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Dental problems are quite common in dogs, but they can be easily prevented by teaming up with your veterinarian to provide routine dog dental care at home and during your pet’s annual checkup.
The American Veterinary Dental Society estimates that 80 percent of dogs over the age of 3 have gum disease. Smaller dog breeds are more likely to suffer from dental problems than larger breeds, perhaps because their smaller mouths cannot accommodate 42 permanent teeth as easily as a larger dog’s mouth can.
The Tip off: Bad Breath
One of the most common indicators of a dental problem is bad breath. This is caused by a buildup of plaque that irritates a dog’s gums. If plaque is left untreated, it can form periodontal (gum) disease that causes the gums to pull away from the teeth. Food and debris can collect in the open areas near your dog’s teeth, and they can lead to infection and even tooth loss. Other signs of gum disease include yellowish to brownish buildup on your dog’s teeth, inflamed or receding gums, bleeding and pain.
Gum disease doesn’t stop in your dog’s mouth, either. The inflammation and infection it causes in your dog’s mouth can spread through his bloodstream and damage his heart, liver or kidneys.
Professional Cleaning Needed
As part of his annual checkup, your dog should have his teeth scaled. Your dog will be anesthetized for the procedure, and he may receive follow-up antibiotic treatment to prevent infection.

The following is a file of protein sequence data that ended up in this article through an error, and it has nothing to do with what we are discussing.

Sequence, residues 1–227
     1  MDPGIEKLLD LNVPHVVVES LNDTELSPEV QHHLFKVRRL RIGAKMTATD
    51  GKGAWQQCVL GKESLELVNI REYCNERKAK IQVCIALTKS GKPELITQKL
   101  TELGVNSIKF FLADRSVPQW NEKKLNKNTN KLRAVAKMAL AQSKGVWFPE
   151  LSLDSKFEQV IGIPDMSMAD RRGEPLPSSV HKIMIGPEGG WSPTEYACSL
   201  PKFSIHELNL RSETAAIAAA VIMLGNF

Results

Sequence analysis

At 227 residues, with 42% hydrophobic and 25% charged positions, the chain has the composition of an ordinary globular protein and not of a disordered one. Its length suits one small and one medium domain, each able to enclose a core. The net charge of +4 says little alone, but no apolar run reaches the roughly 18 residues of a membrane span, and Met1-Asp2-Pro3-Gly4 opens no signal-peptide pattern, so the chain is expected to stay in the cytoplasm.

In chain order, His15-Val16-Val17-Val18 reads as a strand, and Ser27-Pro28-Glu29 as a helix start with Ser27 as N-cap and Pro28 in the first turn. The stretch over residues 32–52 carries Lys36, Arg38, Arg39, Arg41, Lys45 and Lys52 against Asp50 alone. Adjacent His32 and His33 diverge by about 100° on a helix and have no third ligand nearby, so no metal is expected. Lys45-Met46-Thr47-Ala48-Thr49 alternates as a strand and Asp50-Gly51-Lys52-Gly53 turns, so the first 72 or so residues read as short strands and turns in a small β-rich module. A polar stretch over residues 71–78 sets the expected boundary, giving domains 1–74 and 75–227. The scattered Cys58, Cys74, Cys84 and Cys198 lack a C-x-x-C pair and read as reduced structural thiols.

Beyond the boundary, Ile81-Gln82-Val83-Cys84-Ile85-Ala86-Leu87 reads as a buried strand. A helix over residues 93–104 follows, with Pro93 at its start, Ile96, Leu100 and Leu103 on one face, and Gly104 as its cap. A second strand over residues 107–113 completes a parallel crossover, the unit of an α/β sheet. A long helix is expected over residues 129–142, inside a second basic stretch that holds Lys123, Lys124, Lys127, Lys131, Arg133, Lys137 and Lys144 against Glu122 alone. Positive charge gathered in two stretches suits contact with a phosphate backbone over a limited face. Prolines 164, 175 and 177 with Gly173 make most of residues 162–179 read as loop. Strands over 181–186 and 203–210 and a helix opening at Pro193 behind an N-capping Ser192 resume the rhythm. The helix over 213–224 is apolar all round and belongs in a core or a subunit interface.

The scaling procedure usually includes the removal of plaque and tartar both above and below the gumline. This is followed by a polishing to ensure any irregularities are removed. Polishing leaves a smoother tooth surface that’s less likely to have plaque form on it. The polishing is followed by an oral rinse to remove any debris that came loose during the scaling. Finally, your veterinarian will examine your dog’s teeth and note or correct any problems.
Daily Brushing Is Important
At-home care is vital to your dog’s overall dental health. Use a soft-bristled toothbrush and special pet toothpaste daily to remove plaque and food residue from your pet’s teeth and gums. Do not use human toothpastes because their foaming action may cause stomach upset in your dog.
In addition to daily brushing, offer your pet dental chews or specially designed dental chew toys to condition his teeth and gums. You can also add dental rinses to your dog`s water bowl to help reduce plaque on his teeth. Some dogs benefit from specially prescribed dental diets, which are formulated to reduce plaque buildup.
Begin Brushing Early
The easiest way to accustom your dog to dental care is to start brushing his teeth when he is a puppy. Begin training your dog when he is about 4 months old (after his permanent teeth come in). However, dogs of any age can learn to tolerate the procedure with patient repetition from their owners and consistent praise afterward.
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Healthy teeth and gums are important to your dog’s overall health. With a combination of care from you and your veterinarian, your dog’s teeth should be in great shape for years to come.